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Proposal to improve protection for vulnerable depositors in the event of a local bank insolvency

2015-09-13 23

The Department of Economic Development is consulting on a proposal to change the order in which recovered money is repaid in the event of a local bank becoming insolvent.

The move would give ‘preferred creditor’ status to eligible deposits as defined and covered by the Island’s Depositors’ Compensation Scheme (DCS), ranking them ahead of other creditors in the liquidation process.

This change would mean that vulnerable depositors and, if claim was made to the DCS, the public purse would be reimbursed earlier. For example, when Kaupthing Singer & Friedlander failed, the DCS pay-outs were funded initially by the Government, these would have been repaid earlier (reducing the financing costs) if preferred creditor status was in place.
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Savers hit as Bank cuts protection on deposits to £75,000 for first time since financial crisis

2015-07-02 23

Cash in bank accounts will only be guaranteed up to a limit of £75,000 from January 1, 2016, the Bank of England has said, down from the current limit of £85,000, because of the euro's weakness against the pound.

Senior Conservative MP Andrew Tyrie called the decision "absurd" and urged the Chancellor George Osborne to push for the EU's rules to be changed to allow the guarantee to be raised back up to £85,000.

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Entrepreneur Robert Tchenguiz forced to sell assets to pay Kaupthing creditors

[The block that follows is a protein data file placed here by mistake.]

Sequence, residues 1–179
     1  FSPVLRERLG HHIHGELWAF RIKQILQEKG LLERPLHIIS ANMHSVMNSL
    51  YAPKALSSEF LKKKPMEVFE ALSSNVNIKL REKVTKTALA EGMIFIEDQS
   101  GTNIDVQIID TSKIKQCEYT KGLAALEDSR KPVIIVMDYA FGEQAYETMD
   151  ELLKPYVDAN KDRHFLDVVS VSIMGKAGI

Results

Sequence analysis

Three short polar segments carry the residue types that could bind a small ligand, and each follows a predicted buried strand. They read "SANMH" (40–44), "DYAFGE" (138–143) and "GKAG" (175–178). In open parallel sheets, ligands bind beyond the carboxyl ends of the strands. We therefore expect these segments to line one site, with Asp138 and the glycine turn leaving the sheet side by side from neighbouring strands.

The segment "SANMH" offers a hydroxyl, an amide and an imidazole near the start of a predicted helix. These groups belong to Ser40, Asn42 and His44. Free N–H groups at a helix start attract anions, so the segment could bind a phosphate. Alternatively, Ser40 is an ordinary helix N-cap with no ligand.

2014-09-11 23

Flamboyant entrepreneur Robert Tchenguiz has had part of his business empire sliced off by receivers seeking to recoup funds for creditors of Kaupthing, the failed Icelandic bank. ...

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SFO settles with Robbie Tchenguiz

Posted 31/07/2014 - 10:40 by anrigaut

2014-07-30 23

The Serious Fraud Office has settled Robbie Tchenguiz's damages claim for wrongful arrest just days after it settled a related claim with his older brother Vincent.

The financial watchdog will pay £1.5m to settle claims brought by Mr Tcehnguiz junior, his property investment company R20, and his trustee, Rawlinson & Hunter Trustees.

The claims stem from his arrest and the dawn raid on his home in March 2011.

The raid related to an investigation into the collapse of Kaupthing, the Icelandic bank, and its British subsidiaries.

Mr Tchenguiz and his related companies have also been awarded costs, to be determined by the High Court. ...

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SFO to pay property developer Vincent Tchenguiz £6m over botched inquiry

Posted 26/07/2014 - 08:50 by anrigaut

2014-07-24 23

The property developer Vincent Tchenguiz will receive at least £6m and an apology from the Serious Fraud Office (SFO) following the collapse of an investigation against him two years ago.

The settlement for damages and costs relates to an investigation in to the troubled Icelandic bank Kaupthing, which went under during the 2008 banking crisis. Tchenguiz's brother Robert is still in talks over an agreement with the SFO and is continuing to pursue his claim for £100m in damages. ...

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Tchenguiz brothers: SFO arrest continues to hurt busines

Posted 08/04/2014 - 07:47 by anrigaut

2014-04-06 23

Robert and Vincent Tchenguiz, the Iranian property tycoons, have reported a “significant loss of business” due to their unlawful arrest by the Serious Fraud Office in connection with the collapse of Iceland’s Kaupthing Bank.

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The next round of litigation will take place in the High Court today and tomorrow, in front of Mr Justice Eder.

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Kaupthing creditors fear Investec intends to walk away from £150m debt

2014-04-05 23

Investec, the FTSE 250 banking and asset management group, is preparing to walk away from a debt of about £150m owed by one of its offshore businesses, according to those chasing the money on behalf of creditors to the failed Icelandic bank Kaupthing.